Myths and Clichés of Prosecution

South African political life has become burdened by clichés which render actual thought unnecessary while simultaneously promoting the desired image of the person using them. Referring to the ‘poorest of the poor’, for example, makes it clear that one is driven by the deepest concern about poverty – by real, industrial-weight, export quality, heavy duty compassion and not just by mere ordinary, common or garden, off-the-shelf pity. Criminal law has become graced by the largest crop of clichés.

Snarl ‘zero tolerance!’ and your anger and indignation are clear. Add ‘the full might of the law’, and your audience knows that you really do mean what you say – provided of course that zero tolerance does not mean that you in particular may ever be faced with the full might of the law if you use your cell-phone while driving. Protect yourself by claiming that you are ‘innocent until proven guilty’ (never ‘proved’ – that’s too informal and trivialises matters) and you’re home and dry.

Recently, in the context of incidents involving the Minister of Finance Pravin Gordhan, two clichés in particular have been much in evidence – ‘no-one is above the law’, and ‘the law must take its course’. Like all clichés, their banality skulks behind the solemn air of confidence with which they are stated; the message is that, their truth being self-evident, those who insist that Gordhan’s refusal to play the game to the Hawks’ rules are challenging the very foundations of the state. The cliché-chanters, self-righteously and passionately defending their ignorance, thus relieve themselves of the tiresome burden of critical thought: what law does Pravin Gordhan seem to think that he is ‘above’? And what course should the law be taking that he is frustrating?

All that we know is what the Press has published. We know that the Hawks demanded that Pravin Gordhan should answer 27 questions about certain matters relating to his time as head of the South African Revenue Service; we know that this request was made almost on the eve of the day Pravin Gordhan had to deliver his annual Budget address in Parliament on 24 February; and we know that the Hawks demanded answers by 2 March. He was allowed roughly one week to deal with the request.

We know that he answered these questions. He did so even though he was under no obligation to do so, for there is a detail that those who rely on clichés instead of thought might like to reflect on: the Constitution has put an end to the days when one could be detained until the police are satisfied that they have provided all useful pieces of information. Everyone has a moral and civic duty to assist the police, but there is no longer any requirement in South African law that one has to answer their questions.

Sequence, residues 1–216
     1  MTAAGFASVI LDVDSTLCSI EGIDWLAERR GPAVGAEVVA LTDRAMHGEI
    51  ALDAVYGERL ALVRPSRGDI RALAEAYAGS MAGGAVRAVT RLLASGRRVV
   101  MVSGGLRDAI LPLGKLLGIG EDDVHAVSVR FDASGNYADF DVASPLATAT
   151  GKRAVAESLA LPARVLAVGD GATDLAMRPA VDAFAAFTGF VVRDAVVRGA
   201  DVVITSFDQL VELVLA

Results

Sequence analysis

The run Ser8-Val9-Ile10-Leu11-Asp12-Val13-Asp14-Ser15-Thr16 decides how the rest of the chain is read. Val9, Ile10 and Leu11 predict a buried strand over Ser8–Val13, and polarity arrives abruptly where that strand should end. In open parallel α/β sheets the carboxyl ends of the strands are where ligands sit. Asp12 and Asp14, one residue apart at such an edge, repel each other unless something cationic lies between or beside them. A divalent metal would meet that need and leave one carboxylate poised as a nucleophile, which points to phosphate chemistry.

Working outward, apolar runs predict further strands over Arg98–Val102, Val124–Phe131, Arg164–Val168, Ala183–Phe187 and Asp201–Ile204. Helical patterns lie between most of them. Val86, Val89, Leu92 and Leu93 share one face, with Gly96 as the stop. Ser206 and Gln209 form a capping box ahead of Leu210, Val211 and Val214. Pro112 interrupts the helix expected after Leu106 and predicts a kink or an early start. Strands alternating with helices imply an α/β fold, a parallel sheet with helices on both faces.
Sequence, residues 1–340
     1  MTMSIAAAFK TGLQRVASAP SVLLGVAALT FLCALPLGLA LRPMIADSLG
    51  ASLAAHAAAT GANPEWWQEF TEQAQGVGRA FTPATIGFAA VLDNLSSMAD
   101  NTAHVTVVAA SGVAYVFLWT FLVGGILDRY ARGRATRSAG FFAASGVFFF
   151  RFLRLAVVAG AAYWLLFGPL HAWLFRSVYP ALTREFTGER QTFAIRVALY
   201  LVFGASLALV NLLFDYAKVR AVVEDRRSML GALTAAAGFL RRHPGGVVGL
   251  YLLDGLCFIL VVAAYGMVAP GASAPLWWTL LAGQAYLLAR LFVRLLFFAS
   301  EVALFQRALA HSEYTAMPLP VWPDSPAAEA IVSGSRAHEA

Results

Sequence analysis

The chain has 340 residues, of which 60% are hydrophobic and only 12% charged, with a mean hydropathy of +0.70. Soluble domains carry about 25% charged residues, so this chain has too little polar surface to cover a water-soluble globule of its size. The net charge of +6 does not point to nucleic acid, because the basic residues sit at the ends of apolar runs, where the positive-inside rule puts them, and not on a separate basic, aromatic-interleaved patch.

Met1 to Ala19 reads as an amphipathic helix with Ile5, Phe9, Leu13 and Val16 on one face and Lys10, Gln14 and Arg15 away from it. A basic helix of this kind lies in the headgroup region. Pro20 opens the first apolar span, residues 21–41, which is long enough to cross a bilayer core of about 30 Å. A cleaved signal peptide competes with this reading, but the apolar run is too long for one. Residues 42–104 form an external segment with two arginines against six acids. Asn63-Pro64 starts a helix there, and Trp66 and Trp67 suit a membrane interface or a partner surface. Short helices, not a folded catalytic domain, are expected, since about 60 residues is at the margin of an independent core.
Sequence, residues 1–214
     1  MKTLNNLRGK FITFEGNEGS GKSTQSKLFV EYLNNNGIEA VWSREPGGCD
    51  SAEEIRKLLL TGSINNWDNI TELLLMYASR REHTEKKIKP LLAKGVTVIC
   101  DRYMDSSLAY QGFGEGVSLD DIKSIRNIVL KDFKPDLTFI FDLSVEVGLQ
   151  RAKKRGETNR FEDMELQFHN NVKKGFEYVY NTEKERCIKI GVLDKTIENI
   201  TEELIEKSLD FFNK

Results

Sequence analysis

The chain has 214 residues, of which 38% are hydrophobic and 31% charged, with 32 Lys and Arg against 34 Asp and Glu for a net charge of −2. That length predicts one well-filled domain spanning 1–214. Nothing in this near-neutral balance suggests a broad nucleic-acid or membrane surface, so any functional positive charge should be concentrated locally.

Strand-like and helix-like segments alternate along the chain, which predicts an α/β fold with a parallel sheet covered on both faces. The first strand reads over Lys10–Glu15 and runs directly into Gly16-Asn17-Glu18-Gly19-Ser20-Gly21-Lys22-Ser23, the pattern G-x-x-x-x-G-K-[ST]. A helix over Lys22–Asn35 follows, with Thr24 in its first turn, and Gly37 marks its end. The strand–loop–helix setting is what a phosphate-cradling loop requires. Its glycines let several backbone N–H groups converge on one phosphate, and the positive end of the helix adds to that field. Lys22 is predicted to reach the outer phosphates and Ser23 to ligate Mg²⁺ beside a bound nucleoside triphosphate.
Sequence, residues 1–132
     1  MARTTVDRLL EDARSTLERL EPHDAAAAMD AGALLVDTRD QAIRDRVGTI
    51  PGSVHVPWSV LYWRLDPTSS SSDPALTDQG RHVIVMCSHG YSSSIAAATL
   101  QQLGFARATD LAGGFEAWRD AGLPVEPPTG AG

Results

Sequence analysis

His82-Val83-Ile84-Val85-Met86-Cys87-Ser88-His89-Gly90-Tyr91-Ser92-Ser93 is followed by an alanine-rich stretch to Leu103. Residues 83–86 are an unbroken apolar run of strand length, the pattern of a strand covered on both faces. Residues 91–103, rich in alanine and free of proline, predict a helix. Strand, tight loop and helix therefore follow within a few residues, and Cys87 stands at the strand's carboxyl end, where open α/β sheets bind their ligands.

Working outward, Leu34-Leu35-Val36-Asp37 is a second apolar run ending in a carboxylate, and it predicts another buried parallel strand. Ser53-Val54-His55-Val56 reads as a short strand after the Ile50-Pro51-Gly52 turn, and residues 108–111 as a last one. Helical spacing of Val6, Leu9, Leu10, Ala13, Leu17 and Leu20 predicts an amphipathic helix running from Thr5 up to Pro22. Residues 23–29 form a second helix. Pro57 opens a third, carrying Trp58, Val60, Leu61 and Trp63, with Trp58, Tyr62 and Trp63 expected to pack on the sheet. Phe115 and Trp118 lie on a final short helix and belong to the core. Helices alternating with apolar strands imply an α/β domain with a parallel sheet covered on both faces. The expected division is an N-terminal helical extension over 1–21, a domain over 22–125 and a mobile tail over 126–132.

Not only did Pravin Gordhan answer the questions, as his lawyers have pointed out, but he offered to provide any further assistance they might require. What is more, he had been told by the Hawks on 20 May, 2016 that he is not even a suspect in the matters that the Hawks were investigating. This is hardly surprising, as Pierre de Vos and Cathleen Powell (amongst other prominent lawyers) have explained in clear and simple language. Professor de Vos explains why it is that – ‘On the version of the facts and the law provided to the Minister of Finance by the Hawks themselves, the Minister did not commit any criminal offence’. Cathleen Powell reaches a similar conclusion – that ‘[o]n the Hawk’s own papers, there is no crime to investigate’. Those who rely on clichés, of course, will be indifferent to such matters as the actual law.

Thereafter, on 22 August, the Hawks summoned Gordhan to their offices to make a ‘warning statement’ on the matters disclosed in the 27 questions. They had no authority in law to do this, and there is no compulsion on anyone to make such a statement. In the briefest summary possible, a warning statement deals with the fundamental rights set out in sec. 35 of the Bill of Rights. This section applies specifically but not exclusively to everyone who has been arrested, detained, and accused of offences; in practice, the police may ask anyone they wish to question to make and sign such a statement.

A warning statement thus records that before being questioned one was first cautioned and told of the right to remain silent and not answer questions; and also that one cannot be compelled to make confessions or admissions that could be used in evidence against one. It also records that one was warned of the consequences that may follow by remaining silent and thus not giving an explanation about the matters being investigated.

In the case of anyone who has been arrested, detained, and accused of an offence, more rights are set out in sec. 35. These include the right to be informed of the reason for being detained. Anyone with long memories will recall the so-called ‘Judges’ Rules’. Now, the protections of the Judges’ Rules are enshrined and strengthened in the Constitution .

Pravin Gordhan was neither arrested nor detained, nor accused of any offences – in fact, he is not even a suspect in any. We know that this is so, because the Hawks themselves said so. So what would warning statement relate to, and in what way is he ‘above the law’ by refusing to put his name to a document which is valueless as he has already answered the questions put to him?